Boundless Immigration News Weekly Archive: July 29, 2022


An archive of need-to-know immigration news for the week ending in July 29, 2022

Jul 29, 2022


Hands Raising US Flags

Biden Administration Proposes National ID Cards for Undocumented Immigrants

The Biden administration has proposed a new national identification card system for undocumented immigrants. The “ICE Secure Docket Card program” would give migrants who cross the U.S.-Mexico border and other immigrants without legal status temporary ID cards as they navigate their immigration cases or removal court proceedings.

The details of the pilot program have not been finalized, but the ID cards are likely to include a photo, biographical information, and a QR code that would allow the holder to access their court information and immigration documents online. The program is designed to modernize the immigration system, while also lessening the bureaucratic paper burden of the process on immigrants.

The Biden administration has allocated $10 million for the pilot program in the upcoming Department of Homeland Security (DHS) appropriations bill. Democrats are aiming for congressional approval before the end of September 2023 in order to make the proposed plan a reality.

USCIS Streamlines and Expands Afghan and Iraqi Visa Program

U.S. Citizenship and Immigration Services (USCIS) recently announced it is transitioning the processing of Special Immigrant VISA (SIV) classifications to the Department of State (DOS), and making changes to its Policy Manual that expand the eligibility requirements for Afghan and Iraqi SIVs.

The move by USCIS to consolidate processing of the Petition for Special Immigrant Classification in DOS is a notable change. The new method also removes a step from the process. USCIS hopes the changes will streamline the SIV process and increase efficiency.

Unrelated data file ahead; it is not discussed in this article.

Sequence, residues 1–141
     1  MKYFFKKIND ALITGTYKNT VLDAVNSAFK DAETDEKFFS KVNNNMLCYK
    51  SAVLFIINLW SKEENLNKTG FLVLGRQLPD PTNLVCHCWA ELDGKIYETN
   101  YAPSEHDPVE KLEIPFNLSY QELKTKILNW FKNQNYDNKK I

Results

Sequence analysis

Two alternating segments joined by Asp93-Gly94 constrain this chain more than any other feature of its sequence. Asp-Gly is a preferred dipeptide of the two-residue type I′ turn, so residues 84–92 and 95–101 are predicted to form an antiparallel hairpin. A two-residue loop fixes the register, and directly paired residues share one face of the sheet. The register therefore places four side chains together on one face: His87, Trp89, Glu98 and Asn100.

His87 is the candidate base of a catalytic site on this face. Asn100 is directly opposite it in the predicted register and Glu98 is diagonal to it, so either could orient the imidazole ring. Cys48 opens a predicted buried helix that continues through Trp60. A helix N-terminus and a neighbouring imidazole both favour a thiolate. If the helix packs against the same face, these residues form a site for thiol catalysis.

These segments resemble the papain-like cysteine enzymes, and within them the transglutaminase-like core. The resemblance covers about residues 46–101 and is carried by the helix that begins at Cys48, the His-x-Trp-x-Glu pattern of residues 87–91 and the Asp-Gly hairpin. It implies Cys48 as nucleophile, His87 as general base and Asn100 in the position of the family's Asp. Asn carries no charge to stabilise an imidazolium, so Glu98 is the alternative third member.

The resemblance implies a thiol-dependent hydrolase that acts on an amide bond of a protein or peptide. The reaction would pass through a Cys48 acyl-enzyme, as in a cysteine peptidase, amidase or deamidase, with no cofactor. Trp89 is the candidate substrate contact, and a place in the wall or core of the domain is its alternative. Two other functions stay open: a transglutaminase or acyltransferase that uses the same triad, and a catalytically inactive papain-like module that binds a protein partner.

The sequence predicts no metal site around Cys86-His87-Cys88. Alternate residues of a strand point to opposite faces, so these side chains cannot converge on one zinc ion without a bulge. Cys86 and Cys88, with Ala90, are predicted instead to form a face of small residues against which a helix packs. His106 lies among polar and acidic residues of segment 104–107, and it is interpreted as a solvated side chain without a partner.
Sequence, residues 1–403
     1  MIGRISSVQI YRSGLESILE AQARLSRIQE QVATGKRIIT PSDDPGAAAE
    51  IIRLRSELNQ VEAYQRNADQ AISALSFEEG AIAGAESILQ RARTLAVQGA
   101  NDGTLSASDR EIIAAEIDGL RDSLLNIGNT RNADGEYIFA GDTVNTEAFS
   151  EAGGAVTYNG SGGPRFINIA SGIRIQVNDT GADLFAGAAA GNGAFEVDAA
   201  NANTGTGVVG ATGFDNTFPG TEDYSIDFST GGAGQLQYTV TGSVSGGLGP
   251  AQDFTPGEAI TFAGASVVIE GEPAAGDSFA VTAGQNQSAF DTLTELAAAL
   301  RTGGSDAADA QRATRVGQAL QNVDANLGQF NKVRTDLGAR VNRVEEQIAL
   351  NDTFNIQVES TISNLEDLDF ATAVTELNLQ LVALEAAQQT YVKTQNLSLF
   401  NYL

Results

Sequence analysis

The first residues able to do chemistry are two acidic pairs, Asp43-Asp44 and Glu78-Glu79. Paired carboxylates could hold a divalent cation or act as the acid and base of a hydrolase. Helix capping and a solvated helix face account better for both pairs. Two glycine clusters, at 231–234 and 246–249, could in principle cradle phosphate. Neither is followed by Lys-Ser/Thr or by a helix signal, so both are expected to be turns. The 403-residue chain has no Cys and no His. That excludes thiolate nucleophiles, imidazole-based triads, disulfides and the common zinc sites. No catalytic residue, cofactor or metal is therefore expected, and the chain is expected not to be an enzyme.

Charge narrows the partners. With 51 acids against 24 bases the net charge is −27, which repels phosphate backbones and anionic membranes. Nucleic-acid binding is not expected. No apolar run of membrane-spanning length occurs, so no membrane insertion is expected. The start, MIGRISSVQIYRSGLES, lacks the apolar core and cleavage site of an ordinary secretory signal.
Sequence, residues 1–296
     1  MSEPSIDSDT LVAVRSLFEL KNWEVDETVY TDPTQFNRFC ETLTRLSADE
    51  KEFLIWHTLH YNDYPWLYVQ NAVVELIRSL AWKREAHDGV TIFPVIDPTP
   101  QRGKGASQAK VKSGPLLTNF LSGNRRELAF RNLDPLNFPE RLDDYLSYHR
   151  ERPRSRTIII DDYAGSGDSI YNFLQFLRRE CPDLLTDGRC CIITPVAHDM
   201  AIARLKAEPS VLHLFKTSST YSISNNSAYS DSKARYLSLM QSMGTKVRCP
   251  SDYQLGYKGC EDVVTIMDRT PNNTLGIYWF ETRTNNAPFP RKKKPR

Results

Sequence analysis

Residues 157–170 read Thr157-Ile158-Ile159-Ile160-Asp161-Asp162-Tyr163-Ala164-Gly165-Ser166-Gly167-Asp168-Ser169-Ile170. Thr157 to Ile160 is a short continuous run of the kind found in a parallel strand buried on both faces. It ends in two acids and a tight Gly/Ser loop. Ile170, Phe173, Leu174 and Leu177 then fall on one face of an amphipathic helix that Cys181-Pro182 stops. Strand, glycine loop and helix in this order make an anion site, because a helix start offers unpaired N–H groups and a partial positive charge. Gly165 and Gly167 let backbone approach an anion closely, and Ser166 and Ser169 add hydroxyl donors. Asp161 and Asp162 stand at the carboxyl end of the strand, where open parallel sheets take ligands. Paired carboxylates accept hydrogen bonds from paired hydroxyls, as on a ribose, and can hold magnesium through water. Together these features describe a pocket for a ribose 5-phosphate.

USCIS also announced changes to its Policy Manual to reflect updates made to the SIV program by Congress in the Emergency Security Supplemental Appropriations Act of 2021. These changes include reducing the required periods an applicant must have worked with the International Security Assistance Force, expanding the number of surviving relatives of SIVs who are eligible, removing certain time limits on petition changes, and explaining the meaning of providing “faithful and valuable service to the U.S. government.”

To read more about the Afghan and Iraqi SIV program, read the full article here.

Congress Introduces Bill to Regularize Long-Time Undocumented Immigrants

A group of Democrats in the U.S. House of Representatives recently introduced a bill that would allow long-term undocumented immigrants to apply for green cards after seven years in the country.

The bill, named the Renewing Immigration Provisions of the Immigration Act of 1929, would create a rolling registry date, which is a mechanism in immigration law that allows people who have been living in the country for a certain number of years and who are of “good moral character” to apply for permanent residency.

Under current law, an immigrant must have arrived in the U.S. before January 1, 1972 and lived here continuously since that time. Because the date has not been updated since 1986 and is so far in the past, few of the estimated 10 million undocumented immigrants in the U.S. can benefit from the current date.

By implementing a rolling date rather than a fixed date, the bill would not need to be updated by Congress again in the future to keep the provision active.

It is estimated about eight million immigrants could benefit if the bill is passed.

Biden Administration Works to Naturalize Noncitizen Veterans

The Biden administration is urging military veterans who are not U.S. citizens to naturalize and become citizens, with the Department of Veterans Affairs (VA) beginning this week to contact the nearly 124,000 military veterans who are not U.S. citizens with information about how to become citizens.

The Department of Defense (DOD) provided the names of veterans who were not U.S. citizens at the time they left the military between 2001 through April 2022 to the VA, said Saif Khan, who is an advisor to the VA’s general counsel. The VA plans to make a series of attempts to reach veterans by phone and email over the course of the year after they separate from the military.

Khan, who is a veteran and naturalized U.S. citizen himself, told NBC News that he sees the efforts to promote naturalization to veterans as doing the preventative work of keeping veterans from being deported. A separate effort is being launched to repatriate veterans who have already been removed from the country.

The naturalization outreach to non-citizen veterans is part of the Biden administration’s whole-of-government approach to promoting naturalization, the process of becoming a U.S. citizen.


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